Friday, February 15, 2013

Back in America: On the Transition of my Identity

I've been writing about transitioning to back to different foods, new friends, and old place.  Here I'm going to talk about the transition of my identity that has been necessitated by my move back from Korea.

First, I must say that, as a Christian, my identity is secure in Christ.  I believe that I have been created with God's divine inspirational for specific and thoughtfully orchestrated purposes.  I believe that the pieces of who I am have been carefully selected by a Creator who knows exactly what He's doing.  I believe that He delights in me, and that I am intrinsically valuable because I am His.  (I also believe the same thing about you.)

Second, I must say that I don't always act like I believe those things.

Third, I will confess that in the last 3 years, I've noticed a lot more insecurity in myself than I ever knew was there.  This stems from not being solid and strong in knowing that my identity stands in Jesus.

I'm broken, and I know it.  What you're about to read comes from someone working with the symptoms.

I Korea, I was an English teacher.  I was a dancer.  In other circles, I was the Christian.  I was the one who didn't get drunk.  In another, I was the loud one at Bible study.  I was the one sister in a group of dudes.  I was Kid Darkness.

Now, I don't have any of those labels.  I'm not automatically assigned "foreigner" status.  I can't connect with people because they're from the East Coast anymore.  I'm not obviously different from everyone on the subway.  (I don't even take the subway here.)

On one specific point now: In the West, your place in the world, your identity, is closely linked with your occupation.  I don't have anything to say when I'm asked, "So what do you do?"  I don't have a job.  (I don't have children loving me.  I'm not keeping up with my dance...)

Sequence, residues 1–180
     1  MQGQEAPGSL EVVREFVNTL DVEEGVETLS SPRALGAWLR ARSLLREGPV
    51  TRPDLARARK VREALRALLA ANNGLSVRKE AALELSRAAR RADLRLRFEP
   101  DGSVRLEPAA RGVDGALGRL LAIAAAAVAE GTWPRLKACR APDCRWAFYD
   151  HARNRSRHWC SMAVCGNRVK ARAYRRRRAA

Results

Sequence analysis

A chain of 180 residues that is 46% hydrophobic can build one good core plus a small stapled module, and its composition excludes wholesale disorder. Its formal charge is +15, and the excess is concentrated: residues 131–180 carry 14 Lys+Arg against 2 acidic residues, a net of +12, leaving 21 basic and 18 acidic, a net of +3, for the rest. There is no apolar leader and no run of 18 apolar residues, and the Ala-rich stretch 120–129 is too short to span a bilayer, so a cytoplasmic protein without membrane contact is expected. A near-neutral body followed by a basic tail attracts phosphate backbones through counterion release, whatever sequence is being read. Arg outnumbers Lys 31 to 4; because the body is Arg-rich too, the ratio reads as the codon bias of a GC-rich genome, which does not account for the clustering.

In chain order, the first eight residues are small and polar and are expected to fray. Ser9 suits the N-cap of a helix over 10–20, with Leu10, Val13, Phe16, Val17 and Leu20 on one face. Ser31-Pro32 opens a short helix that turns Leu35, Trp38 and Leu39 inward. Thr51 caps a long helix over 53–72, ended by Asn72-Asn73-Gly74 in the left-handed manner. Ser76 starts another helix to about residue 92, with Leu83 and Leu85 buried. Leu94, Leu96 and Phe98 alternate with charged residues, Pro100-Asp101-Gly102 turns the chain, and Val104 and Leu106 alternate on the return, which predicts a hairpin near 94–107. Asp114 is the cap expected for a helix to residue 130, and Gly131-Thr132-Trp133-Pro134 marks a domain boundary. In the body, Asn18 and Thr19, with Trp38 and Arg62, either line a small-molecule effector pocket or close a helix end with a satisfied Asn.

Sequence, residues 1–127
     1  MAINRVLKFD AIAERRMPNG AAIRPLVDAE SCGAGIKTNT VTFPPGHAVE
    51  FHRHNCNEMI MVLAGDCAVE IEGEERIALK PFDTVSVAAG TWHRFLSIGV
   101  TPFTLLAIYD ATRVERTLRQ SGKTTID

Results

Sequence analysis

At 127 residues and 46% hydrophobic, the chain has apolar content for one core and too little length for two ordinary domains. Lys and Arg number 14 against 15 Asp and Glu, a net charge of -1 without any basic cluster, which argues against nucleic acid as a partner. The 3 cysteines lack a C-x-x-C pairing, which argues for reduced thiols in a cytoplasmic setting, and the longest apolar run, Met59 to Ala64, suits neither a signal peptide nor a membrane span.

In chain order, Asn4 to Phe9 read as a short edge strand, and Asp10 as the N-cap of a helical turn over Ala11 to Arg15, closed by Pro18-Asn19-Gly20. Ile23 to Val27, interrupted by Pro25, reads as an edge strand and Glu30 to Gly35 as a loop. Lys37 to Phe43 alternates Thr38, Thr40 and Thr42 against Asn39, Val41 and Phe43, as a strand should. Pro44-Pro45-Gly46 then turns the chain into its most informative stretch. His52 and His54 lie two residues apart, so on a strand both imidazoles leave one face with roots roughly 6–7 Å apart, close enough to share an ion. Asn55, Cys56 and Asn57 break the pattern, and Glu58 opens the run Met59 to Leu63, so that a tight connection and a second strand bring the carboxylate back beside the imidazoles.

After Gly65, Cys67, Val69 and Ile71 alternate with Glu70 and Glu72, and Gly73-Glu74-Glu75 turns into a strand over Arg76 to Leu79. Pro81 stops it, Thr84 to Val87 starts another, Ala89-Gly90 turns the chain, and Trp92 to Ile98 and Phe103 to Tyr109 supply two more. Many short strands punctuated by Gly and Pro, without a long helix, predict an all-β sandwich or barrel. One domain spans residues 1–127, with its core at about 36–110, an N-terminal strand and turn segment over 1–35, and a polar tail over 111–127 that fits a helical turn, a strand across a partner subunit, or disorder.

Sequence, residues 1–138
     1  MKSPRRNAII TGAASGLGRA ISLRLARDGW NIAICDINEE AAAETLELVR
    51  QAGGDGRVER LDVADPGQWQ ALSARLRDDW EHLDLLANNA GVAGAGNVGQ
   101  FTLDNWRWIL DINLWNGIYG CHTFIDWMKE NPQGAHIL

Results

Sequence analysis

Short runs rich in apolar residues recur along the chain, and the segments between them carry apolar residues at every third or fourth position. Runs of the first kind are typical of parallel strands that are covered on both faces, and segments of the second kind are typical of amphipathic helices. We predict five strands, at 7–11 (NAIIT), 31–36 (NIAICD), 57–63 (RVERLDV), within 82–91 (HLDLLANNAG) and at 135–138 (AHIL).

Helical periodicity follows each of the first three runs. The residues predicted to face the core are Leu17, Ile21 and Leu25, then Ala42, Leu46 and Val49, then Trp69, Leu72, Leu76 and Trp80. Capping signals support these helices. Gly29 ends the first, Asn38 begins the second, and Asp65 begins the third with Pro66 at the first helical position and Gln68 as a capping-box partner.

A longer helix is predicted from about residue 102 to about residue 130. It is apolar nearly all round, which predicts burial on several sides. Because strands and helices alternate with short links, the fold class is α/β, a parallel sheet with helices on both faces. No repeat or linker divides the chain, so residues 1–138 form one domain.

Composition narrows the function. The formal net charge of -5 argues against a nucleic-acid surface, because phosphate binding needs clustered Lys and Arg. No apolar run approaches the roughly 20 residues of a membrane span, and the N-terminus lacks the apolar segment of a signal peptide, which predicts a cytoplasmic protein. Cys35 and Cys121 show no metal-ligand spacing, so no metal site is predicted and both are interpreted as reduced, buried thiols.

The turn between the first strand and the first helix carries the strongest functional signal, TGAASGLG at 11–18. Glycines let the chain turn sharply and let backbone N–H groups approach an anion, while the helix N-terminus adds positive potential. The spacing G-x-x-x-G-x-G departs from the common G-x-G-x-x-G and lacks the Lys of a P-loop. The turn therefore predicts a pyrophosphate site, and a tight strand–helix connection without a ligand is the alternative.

I don't know where the lines are, but I think this is connected to the insecurity I wrote about a couple weeks ago.  Ah, wait, here's a line: As is natural, I've been sized up against the standards of society (like when people ask me what my job is), and I stand out as different because I don't have a job (which no one makes a big deal about).  I'm not in the standard of society because I just came from a different kind of position, and everyone I meet understands that and thinks it's fine, but I make a big deal about it in my mind.  I start to fabricate all these thoughts that must be going on in other minds.  No one else is comparing me to society, I do the comparing for them.  No one is telling me I'm less because I don't have a job or because I don't have a role in the community yet, I think that about myself automatically!  What the heck!?

Identity Occupation or lack thereof
Identity ≠ Role in the community
 Yep, we know.
Identity ≠ Popularity
Well, obviously.

It's clear that my goals and my priorities have been misplaced.   Having my perception of myself being forcibly shaken up has brought all of this to the top of the tank and the front of my mind where it's much more difficult to ignore.  These insecurities have always been here, I'm sure, but the serious change that's scattered my mind has shed light on all of this.  I'm thankful to have people around me who help set me back on track, but I am still in the learning process, and it is no fun.  

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